Mr Johnson said the Tory party would “certainly be making big investments” but will not “borrow hugely” to fund day to day investments.

He warned that people who are not rich would have to pay for Labour’s plans.

Mr Corbyn denied this, and said: “We have gone far too far down the road of free market economics, we have created too much inequality.”

The two leaders then each unfurled similar and relatively effective attack lines.

Mr Johnson said:

“Labour always ends their time in office with an economic crisis. Corbyn and McDonnell would start their time in office with an economic crisis.”

Mr Corbyn hit back:

“What Conservative governments always do is look after the richest in our society.”

Tories don’t try Twitter stunt for a second time

The Conservative party press office has resisted the temptation to masquerade as an impartial fact checking service this evening.

During the ITV debate the party came in for sharp criticism for the stunt.

Best behaviour tonight though:

Public safety v human rights

Jeremy Corbyn and Boris Johnson were asked how they think the government should balance public safety and human rights. This is obviously a question that is top of mind for many after the terrorist attack in London a week ago.

Mr Corbyn argued that it is “not an either or” question. He said it was crucial that police are “there and well funded.” At the same time, “Human rights are our defence against autocracy and abuse of power.”. There is “no difference between wanting security and human rights,” he argued.

Mr Johnson offered a similar fundamental view, saying there was “no reason to compromise people’s human rights.” He specifically brought up the London Bridge terror incident, saying it was “wrong [Usman Khan] should be out on automatic early release.”

“We must put public safety first,” he said, calling automatic early release “unreasonable”.

Hate in politics

The leaders are asked to address problems around hate in politics in their own parties.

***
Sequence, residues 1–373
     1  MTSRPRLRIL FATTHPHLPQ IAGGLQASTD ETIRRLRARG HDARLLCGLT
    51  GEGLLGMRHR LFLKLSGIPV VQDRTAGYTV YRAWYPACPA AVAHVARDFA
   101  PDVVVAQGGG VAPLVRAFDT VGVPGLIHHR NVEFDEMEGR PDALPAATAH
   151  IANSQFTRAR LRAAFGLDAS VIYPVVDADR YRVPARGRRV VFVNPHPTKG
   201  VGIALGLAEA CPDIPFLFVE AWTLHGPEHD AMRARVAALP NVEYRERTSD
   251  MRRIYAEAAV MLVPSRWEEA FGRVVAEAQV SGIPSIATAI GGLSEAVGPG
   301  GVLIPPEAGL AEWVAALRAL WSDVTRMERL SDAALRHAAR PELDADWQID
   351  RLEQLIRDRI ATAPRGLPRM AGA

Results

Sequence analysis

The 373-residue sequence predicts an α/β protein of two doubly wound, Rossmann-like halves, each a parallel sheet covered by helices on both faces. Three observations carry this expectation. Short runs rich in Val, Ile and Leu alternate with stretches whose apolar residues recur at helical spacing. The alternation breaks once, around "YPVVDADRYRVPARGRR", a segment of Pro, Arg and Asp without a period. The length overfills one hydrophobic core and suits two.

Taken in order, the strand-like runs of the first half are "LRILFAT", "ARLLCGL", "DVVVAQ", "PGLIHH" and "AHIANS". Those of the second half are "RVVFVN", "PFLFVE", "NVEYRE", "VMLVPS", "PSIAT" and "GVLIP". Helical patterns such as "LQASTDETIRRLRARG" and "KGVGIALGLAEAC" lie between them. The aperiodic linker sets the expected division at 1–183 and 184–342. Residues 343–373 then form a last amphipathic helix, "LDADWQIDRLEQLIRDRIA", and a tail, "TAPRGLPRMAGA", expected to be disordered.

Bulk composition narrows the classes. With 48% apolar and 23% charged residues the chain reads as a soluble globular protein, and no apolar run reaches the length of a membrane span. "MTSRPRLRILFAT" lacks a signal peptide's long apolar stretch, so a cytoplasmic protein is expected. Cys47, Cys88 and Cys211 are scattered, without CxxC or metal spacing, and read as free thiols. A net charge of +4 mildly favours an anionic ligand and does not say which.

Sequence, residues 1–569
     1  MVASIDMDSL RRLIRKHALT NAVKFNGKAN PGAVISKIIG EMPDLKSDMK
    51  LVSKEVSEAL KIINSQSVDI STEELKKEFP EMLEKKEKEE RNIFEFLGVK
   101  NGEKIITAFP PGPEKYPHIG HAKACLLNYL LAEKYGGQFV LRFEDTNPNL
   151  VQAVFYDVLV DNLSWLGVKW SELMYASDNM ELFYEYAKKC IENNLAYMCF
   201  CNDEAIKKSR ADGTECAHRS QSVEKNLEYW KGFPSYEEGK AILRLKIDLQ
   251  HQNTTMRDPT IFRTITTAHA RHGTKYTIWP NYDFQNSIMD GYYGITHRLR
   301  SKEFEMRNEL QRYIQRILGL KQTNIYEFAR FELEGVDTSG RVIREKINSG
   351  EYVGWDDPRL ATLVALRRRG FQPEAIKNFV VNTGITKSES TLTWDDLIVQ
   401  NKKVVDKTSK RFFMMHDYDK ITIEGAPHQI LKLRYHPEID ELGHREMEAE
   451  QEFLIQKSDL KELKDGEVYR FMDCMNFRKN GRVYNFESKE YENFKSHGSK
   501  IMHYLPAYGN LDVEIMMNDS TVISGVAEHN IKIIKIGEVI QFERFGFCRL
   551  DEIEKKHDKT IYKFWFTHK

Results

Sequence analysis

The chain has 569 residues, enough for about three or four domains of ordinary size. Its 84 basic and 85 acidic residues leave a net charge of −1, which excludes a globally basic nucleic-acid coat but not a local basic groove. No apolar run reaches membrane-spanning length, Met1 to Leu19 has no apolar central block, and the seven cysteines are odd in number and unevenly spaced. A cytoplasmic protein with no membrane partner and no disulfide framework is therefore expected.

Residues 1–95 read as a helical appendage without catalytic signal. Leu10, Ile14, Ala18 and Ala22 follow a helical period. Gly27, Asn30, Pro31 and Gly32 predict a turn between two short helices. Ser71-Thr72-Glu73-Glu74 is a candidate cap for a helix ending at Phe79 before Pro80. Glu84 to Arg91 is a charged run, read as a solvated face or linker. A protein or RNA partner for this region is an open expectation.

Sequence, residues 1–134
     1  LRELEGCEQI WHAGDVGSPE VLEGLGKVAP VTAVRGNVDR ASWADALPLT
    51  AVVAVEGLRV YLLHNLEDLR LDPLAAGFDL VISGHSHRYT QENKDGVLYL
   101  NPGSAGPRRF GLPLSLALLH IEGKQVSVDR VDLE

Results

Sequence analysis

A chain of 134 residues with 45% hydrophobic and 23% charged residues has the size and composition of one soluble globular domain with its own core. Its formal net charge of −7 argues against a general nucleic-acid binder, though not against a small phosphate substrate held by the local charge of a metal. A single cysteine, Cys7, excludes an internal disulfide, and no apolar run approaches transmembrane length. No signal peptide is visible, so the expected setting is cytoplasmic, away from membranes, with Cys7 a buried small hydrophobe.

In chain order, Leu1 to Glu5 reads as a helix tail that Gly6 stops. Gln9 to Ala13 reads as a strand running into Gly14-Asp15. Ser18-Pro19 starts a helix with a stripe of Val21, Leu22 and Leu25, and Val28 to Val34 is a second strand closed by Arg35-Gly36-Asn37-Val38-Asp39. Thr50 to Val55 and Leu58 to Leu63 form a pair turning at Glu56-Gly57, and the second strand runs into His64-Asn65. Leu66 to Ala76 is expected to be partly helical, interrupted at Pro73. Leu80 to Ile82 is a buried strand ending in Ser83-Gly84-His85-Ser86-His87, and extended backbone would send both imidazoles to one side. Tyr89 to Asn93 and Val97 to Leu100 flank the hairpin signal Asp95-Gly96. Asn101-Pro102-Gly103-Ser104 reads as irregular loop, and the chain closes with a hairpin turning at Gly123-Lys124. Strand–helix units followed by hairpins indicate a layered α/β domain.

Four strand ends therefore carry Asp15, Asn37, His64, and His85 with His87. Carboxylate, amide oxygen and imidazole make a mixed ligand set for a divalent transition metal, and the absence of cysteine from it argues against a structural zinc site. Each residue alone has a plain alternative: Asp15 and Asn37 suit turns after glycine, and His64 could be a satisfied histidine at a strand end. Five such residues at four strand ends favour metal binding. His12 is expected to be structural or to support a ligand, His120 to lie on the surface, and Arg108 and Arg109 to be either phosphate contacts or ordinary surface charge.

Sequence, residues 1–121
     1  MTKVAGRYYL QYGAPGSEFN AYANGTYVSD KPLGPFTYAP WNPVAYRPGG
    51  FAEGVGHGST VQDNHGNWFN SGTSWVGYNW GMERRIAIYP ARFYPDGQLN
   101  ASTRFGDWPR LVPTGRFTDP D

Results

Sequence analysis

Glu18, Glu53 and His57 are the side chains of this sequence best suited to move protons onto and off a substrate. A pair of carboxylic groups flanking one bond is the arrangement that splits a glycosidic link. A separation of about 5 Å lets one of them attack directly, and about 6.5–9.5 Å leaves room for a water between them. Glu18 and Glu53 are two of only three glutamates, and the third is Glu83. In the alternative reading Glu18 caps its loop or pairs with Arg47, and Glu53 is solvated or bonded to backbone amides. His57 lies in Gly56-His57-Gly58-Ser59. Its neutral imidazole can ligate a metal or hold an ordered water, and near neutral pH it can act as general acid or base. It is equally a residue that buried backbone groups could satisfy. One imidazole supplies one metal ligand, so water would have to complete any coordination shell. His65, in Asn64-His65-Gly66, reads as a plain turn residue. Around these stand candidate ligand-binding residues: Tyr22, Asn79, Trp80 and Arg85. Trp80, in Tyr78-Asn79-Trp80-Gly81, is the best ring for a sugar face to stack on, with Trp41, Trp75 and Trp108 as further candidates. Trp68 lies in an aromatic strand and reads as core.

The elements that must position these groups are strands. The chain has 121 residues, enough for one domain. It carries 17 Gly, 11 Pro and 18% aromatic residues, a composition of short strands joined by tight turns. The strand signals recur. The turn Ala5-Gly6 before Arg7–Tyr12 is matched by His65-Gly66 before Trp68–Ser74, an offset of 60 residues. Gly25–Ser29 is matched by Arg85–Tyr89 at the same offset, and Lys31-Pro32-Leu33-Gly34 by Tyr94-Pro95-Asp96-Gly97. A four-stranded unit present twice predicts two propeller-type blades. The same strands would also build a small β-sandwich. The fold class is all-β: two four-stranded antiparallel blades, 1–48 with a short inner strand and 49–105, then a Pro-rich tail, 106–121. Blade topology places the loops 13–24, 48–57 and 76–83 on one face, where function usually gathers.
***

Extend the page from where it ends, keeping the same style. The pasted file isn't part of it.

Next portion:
Mr Johnson said people are “out first bounce” if found to have been Islamophobic in the Tory party. He also said it is “vital” that MPs are properly protected.

He said Mr Corbyn has failed to tackle anti-Semitism properly in his party, blaming a “failure of leadership.”

Perhaps inevitably, the prime minister then pivots back to Brexit:

“We need to come together as a country. We have been going at this for too long…it is a function of our inability to get Brexit done.”

Mr Corbyn said anti-Semitism is “wrong and totally unacceptable.”

In one of the more striking moments so far, he twice said: “I do not ever use racist language,” reminding viewers of Mr Johnson’s awkward history of questionable statements.

Mr Johnson does not respond.

Johnson says he is in the dark over diplomat resignation

When asked about the resignation of the British diplomat in charge of explaining Brexit to the US, Boris Johnson responded that he does not “know who you are referring to.”

The prime minister pivoted quickly back to his key campaign platform that the resignation of Alexandra Hall Hall, the Brexit counsellor at the British embassy in Washington, “shows to me is we need to move on as a country.”

Closing statements

The debate has ended with two closing statements. Jeremy Corbyn went first.

Mr Corbyn’s final words, like his opening statement, concentrated on the theme of “ambition”.

“People say politics doesn’t change anything. But it can… The future really is ours to make together,” the Labour leader said.

Johnson sticks to ‘get Brexit done’ vow in closing argument

The prime minister renewed his promise to “get Brexit done” and the get the “country out of neutral” in a quick concluding statement at the end of the hour-long debate.

Boris Johnson also repeated the Tory party lines that a vote for Labour would lead to “two chaotic referendums”, one on Brexit and another on Scotland.

Score draw?

It does not feel like there was a killer moment in this evening’s debate that could really move the needle during the rest of the campaign.

Given that Mr Johnson has a 10-point lead in the polls, that should be enough for him to leave Maidstone fairly happy.

As many expected, the prime minister battered away with his message of “get Brexit done”, while Mr Corbyn was most compelling when highlighting his ambition to change the country and end what he sees as years of Tory misrule.

Emoticon Snap poll – it was a draw

A snap poll released by YouGov suggests that the debate was another draw.

52 per cent of those surveyed believe Boris Johnson won, while 48 per cent backed Jeremy Corbyn. Those who answered ‘don’t know’ were removed.

YouGov said: “As this falls within the margin of error it can be considered another draw.”

Thanks for joining us

We are going to wind down the live coverage for this evening.

The FT’s political editor George Parker is filing an on the whistle report which will be online shortly, and we will also have analysis from Whitehall correspondent Sebastian Payne, so do stick around for that on

We will be back with rolling coverage on Monday, and don’t forget to join us for live coverage through the night next Thursday.

Have a great weekend.